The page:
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    Middle C is C4, the C above it is C5, and F5 is another perfect 4th above that. ("On top of the treble clef" is a little less useful than it might seem, as in choral music, the Tenor part is written an octave above where it sounds, so that can refer to F4 or F5, depending on the context). I've never met a tenor with chest voice up that high. I know they exist, but it's rare, and should definitely not be taken as typical. Also, be very careful... if you're doing anything that could be described as "straining", you could be hurting yourself. That's not part of your useable range at tat point. – Greg Jackson Mar 31 '15 at 19:02
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    Sure, I'm also trained in rock/pop singing, so I'm familiar with that trend. Keep in mind that "chest voice" and "head voice" are described not by what it sounds like, but by how the vocal cords are vibrating, so would be the same across all styles, despite different sounds. – Greg Jackson Mar 31 '15 at 19:05
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    I agree Greg; my main point was that regardless of what's really happening it's more important what it "feels like".. but that's correct. – Jason Locke Mar 31 '15 at 19:08
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That clip of Robert is not really demonstrating the mixed voice. What he does is "twang in the head" which basically is singing in a disconnected falsetto and making it "sound like" your real voice by using deeper vowels and lots of reverb.

To whoever mentioned blowing air as you ascend. You don't achieve mixed voice by blowing more air, in fact it's the opposite. As you sing higher you want to resist the air more to create breath compression. If your folds are strong enough, they will resist this air and give you more power. When you blow air and let the cords open up you are moving closer to falsetto.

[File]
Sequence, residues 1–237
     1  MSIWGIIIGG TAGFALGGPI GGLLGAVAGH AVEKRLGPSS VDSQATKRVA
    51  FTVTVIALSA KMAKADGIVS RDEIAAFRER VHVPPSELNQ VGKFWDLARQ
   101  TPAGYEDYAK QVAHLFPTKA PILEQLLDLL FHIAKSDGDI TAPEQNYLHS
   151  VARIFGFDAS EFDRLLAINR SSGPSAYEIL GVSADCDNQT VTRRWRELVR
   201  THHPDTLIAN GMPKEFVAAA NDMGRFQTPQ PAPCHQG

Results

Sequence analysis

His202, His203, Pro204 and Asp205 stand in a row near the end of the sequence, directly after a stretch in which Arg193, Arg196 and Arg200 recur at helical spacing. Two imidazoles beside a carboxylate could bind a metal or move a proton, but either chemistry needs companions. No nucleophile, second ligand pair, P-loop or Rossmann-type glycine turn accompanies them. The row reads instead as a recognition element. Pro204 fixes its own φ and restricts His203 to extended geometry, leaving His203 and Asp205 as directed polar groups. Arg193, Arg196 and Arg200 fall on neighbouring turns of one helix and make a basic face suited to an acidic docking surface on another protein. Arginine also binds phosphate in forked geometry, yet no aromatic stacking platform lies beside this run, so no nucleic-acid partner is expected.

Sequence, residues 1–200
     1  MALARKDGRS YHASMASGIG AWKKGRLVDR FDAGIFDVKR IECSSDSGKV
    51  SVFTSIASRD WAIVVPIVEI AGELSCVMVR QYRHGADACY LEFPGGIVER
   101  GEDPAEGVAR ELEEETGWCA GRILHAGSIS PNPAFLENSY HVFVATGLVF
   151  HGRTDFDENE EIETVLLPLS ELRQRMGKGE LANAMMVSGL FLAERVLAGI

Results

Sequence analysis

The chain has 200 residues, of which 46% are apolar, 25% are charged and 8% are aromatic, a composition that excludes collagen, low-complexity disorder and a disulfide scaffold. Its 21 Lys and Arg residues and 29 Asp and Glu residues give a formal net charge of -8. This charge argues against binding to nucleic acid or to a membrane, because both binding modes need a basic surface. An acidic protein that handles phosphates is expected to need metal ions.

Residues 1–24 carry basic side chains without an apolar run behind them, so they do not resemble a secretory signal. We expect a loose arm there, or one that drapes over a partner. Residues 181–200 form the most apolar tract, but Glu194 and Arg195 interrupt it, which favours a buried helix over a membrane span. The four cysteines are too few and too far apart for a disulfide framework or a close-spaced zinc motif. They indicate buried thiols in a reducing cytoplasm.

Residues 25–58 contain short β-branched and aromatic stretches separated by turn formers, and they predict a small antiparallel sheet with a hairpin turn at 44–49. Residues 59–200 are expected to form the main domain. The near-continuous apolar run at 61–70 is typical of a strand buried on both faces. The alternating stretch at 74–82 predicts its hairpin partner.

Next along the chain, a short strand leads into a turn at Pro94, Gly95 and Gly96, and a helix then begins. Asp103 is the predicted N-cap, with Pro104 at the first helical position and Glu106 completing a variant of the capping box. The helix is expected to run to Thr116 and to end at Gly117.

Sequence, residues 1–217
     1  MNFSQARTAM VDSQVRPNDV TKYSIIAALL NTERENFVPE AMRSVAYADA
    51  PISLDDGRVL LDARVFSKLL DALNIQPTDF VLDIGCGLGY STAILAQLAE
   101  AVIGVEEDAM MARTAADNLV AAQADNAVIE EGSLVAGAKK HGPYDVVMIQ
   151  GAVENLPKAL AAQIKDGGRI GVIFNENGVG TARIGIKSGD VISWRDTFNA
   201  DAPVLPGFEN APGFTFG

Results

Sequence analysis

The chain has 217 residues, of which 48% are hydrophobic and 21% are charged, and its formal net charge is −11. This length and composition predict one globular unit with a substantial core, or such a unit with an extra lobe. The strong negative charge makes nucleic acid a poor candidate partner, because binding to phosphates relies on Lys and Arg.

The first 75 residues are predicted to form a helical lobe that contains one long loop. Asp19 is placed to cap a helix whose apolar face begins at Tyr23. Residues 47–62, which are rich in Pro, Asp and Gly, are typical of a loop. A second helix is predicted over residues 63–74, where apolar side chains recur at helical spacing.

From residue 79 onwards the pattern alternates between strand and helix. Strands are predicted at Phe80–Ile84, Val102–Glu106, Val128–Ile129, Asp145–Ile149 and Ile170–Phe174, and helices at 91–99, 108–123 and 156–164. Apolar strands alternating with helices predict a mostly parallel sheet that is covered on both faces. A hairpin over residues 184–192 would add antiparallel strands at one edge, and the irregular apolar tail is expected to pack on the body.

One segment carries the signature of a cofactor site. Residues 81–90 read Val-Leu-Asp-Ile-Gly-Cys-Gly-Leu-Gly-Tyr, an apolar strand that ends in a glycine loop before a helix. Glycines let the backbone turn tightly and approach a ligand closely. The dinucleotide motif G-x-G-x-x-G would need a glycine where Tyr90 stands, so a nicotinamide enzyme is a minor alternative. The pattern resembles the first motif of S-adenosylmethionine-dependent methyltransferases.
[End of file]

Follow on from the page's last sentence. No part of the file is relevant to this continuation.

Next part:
Training yourself to blow more air as you sing higher only takes you away from your real voice, puts you closer to falsetto and risks damaging your voice as excessive breathiness is what causes hoarseness, lack of ping in the sound and lack of power.

I have written a big article on the registers, mixed voice etc you can check it out here: http://www.grow-the-voice.com/free-singing-tips/

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A falsetto is not in any conceivable meaning defined by being "forced", and there is no useful singing voice where the perceived resonance (what some voice types are named after) would be in the throat.

Basically you are throwing around words in the hope that they mean something you can read up upon using the internet. But in the internet you have no guarantee of consistent terminology between two articles from people who know what they are talking about, and consequently no guarantee of consistent terminology in even a single article that is more likely than not a melange of distributed knowledge and half-knowledge from different places.

Even when you get a serious anatomically correct book about singing, there is no guarantee that it will converse in the same terms as any given vocal teacher or student.

Don't rely on hearsay for your vocal health. It's like learning watch repair on your own: more likely than not you'll already damage a watch when trying to open it. Even the worst repairmen have enough of a clue to avoid most inadvertant damage from forcing things where it does not help at all.

A voice tends to be comparatively robust and not easily damaged unless you convince yourself that stuff that neither works nor sounds nor feels great is as it should be and just piling on more of the same will make it work. And angling for half-knowledge is half the road there.

Watches are possibly less forgiving when you try forcing something you shouldn't. But watches can be replaced, chalked off as probably unnecessary learning cost. Your voice not.

So if you are finding yourself collecting a hotchpotch of advice fragments from the internet, you may even be better off trusting your own feeling instead. But it will be more useful to get an actual teacher to listen to you.

  • I don't think the lecture is terribly helpful. The guy is asking what seems to be a valid question. Besides, the whole point of this site is to provide 'information from the internet' ;-) – Time4Tea Feb 7 at 14:28